Elliot Berman: You mentioned that the rule will add CFT. I don't know that's a huge add because clearly the shift coming out of the Patriot Act was from money laundering to terrorist financing. Again, this is going to memorialize it and you're going to have to make sure that you sprinkle CFT in your program documents so it's clear that you're looking for both. You mentioned the risk assessment and the ability to innovate. There's also what appears to be pretty strong support for information feedback loops, which was also a key point in the Wolfsberg document. It's something that you and I and the community have been talking about for a long time.

Tell me what's useful to you, law enforcement, so we can focus on generating that information as opposed to just, a pipeline full of information, hoping that you pick out the right stuff. Now I'm being facetious and oversimple, but programs have ended up turning into report generating machines as opposed to risk identification machines, if that's the alternative.

So we'll see. As you and I talked about before we started recording, the rule's going to come out the way it does. We encourage people to comment and things like that. But the reality is how well really risk based works and all of those things is going to be driven by the next version of the exam manual in the United States, because how banks, and other regulated or institutions are examined by their primary federal regulator for all these things is where the rubber meets the road.

And having helped clients when I was in private practice and having been in a bank where our program that I was indirectly responsible for was examined I'm not sure the regulators have figured out how to really do that and they'll need to because otherwise all these changes are going to be just a mess.

John Byrne: There is a reference within the proposal to training of examiners. So I think that's something that all of us, including the regulatory community, has asked for some direction because examiners are trained today, but the question is, should the training be adjusted or maybe additive to targeting now, AML/CFT issues, as opposed to program support and other things.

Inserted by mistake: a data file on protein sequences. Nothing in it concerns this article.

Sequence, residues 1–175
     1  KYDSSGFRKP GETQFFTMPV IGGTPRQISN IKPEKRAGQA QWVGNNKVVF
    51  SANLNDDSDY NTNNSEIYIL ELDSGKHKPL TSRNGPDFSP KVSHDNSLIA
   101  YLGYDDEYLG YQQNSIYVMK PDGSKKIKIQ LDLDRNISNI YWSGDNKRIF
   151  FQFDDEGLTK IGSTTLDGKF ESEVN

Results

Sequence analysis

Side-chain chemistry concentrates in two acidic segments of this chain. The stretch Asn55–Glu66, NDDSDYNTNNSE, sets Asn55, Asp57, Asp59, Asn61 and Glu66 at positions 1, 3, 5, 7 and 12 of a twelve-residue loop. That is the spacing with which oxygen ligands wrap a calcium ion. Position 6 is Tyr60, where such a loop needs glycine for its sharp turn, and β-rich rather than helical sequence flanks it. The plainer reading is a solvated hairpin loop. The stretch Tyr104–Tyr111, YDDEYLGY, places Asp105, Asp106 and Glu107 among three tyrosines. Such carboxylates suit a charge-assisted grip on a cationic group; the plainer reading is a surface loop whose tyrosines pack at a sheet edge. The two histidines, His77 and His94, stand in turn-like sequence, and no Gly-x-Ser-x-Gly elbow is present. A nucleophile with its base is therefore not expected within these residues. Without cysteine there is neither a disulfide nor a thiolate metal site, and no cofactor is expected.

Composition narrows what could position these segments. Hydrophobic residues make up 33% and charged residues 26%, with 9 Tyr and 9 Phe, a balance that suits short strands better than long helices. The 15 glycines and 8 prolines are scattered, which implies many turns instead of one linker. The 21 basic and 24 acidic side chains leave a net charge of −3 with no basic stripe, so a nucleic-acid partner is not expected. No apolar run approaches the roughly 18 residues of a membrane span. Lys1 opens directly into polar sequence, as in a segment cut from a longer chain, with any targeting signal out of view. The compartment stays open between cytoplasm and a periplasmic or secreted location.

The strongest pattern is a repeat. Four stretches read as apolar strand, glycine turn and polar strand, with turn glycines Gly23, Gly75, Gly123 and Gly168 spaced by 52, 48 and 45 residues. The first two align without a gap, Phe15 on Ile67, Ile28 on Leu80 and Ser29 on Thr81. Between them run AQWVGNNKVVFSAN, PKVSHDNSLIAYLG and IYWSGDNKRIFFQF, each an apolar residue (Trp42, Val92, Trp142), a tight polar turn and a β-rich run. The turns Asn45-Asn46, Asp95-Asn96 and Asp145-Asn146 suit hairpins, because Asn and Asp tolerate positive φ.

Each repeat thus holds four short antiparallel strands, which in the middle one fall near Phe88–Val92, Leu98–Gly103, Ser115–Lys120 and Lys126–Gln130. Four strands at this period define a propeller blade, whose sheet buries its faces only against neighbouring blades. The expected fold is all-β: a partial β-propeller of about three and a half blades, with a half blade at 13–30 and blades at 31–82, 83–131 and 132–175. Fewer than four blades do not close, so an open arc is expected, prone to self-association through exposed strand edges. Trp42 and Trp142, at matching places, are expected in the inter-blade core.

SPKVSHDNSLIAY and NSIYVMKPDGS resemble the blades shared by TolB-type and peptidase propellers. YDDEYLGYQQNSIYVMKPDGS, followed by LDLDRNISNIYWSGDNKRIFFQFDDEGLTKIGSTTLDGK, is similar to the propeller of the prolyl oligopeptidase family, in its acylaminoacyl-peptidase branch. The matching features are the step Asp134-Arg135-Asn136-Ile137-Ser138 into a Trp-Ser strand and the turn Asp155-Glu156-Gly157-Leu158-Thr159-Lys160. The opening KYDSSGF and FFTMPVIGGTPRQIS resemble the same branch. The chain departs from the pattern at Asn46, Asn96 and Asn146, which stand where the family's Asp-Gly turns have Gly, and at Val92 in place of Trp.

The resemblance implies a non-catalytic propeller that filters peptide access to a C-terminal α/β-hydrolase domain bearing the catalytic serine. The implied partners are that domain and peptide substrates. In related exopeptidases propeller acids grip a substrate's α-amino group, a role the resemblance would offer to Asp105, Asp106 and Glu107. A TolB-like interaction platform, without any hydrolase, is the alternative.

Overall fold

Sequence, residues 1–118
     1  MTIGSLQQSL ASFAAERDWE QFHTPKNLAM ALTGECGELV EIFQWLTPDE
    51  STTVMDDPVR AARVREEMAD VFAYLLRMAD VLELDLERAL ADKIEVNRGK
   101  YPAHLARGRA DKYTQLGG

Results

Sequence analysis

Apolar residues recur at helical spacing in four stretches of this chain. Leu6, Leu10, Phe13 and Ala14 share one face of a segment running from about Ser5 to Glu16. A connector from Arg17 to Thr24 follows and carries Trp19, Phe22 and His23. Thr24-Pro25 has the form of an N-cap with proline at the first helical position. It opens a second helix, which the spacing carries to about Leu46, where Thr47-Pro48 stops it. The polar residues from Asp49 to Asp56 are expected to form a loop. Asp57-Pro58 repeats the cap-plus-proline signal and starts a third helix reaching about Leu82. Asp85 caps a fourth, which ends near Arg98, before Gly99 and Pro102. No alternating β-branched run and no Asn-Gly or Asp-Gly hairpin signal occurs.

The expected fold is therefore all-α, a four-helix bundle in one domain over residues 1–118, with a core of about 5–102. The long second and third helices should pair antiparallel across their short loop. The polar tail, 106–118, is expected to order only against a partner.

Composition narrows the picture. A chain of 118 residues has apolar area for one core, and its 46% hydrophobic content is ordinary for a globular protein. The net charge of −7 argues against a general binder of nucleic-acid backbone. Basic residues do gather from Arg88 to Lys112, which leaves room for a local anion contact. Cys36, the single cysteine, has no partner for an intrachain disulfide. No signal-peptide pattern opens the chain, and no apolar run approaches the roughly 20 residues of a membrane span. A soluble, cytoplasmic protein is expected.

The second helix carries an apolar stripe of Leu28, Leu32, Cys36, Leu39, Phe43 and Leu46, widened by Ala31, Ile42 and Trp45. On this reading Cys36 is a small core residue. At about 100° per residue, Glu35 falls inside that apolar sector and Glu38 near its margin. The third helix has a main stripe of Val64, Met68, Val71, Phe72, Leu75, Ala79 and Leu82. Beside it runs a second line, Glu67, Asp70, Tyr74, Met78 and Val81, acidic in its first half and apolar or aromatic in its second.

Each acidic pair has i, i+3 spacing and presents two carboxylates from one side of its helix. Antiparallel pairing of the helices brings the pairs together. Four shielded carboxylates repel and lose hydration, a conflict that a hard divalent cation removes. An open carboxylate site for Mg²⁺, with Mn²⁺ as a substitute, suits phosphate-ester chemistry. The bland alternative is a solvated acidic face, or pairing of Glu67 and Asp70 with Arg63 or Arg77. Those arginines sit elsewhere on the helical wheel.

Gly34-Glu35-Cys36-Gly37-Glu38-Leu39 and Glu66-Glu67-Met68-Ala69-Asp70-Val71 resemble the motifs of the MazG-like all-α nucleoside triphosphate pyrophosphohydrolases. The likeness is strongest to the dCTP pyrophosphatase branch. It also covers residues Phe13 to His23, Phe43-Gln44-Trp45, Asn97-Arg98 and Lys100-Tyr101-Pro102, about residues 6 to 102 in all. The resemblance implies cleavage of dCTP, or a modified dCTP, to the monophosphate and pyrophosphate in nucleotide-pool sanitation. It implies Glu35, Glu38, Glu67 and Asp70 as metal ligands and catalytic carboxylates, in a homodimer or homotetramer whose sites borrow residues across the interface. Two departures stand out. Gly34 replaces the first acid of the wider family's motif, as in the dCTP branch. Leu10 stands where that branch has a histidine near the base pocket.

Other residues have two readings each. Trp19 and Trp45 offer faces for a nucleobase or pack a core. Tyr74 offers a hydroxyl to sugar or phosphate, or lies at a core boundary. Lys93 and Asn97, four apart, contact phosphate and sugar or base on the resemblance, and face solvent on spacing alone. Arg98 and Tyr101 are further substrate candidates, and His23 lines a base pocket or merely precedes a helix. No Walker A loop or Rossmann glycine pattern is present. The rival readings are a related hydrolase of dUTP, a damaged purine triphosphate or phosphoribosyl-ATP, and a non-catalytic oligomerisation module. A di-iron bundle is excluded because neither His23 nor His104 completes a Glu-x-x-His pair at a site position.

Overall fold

And again, I'm being, I'm also being a high level on this. But the bottom line is the proposed rule does offer, besides the existing training, FinCEN will consult with law enforcement stakeholders and the FFIEC to establish what they're calling an annual federal examiner training. And I think that training is designed, like I said, to identify potential risk profiles and warning signs, provide financial crime patterns, deal with de risking, all sorts of things. At least in description, that should be welcomed throughout our community, and I think that it probably will be.

Elliot Berman: Agreed. 60 day comment period that ends September 3rd of 2024. This is the kind of proposal that it wouldn't surprise me if it got extended by 30 days, but we'll see. I expect you'll see a lot of comments from larger institutions and trade groups because there's a lot to comment on in here. But as you pointed out at the very beginning, this is mandated by AMLA, and so this proposal isn't going to go away, nor should it.

And since AMLA was the biggest update to the structure in the United States since the Patriot Act, we need an updated regulation, and now there's a proposal for everybody to talk about.

John Byrne: Everybody, we hope you have a safe and wonderful in the States 4th of July holiday break. I want to mention very quickly that we have our webinar for July 25th will be on romance scams, and related illegal activities. We have two panelists, an actual victim who's done a lot of work proactively helping prevent other victims of this horrific financial crime and a nationally recognized fraud expert, our good friend, Will Voorhees. now at Bank of America and they will give us both practical and legal direction on an issue that has impacted so many victims in the US and globally.

Elliot Berman: And you can register for the, that webinar at our website, amlrightsource.Com.

John Byrne: All right, Elliot, have a great rest of your week and we'll talk next week.

Elliot Berman: You too, enjoy the 4th.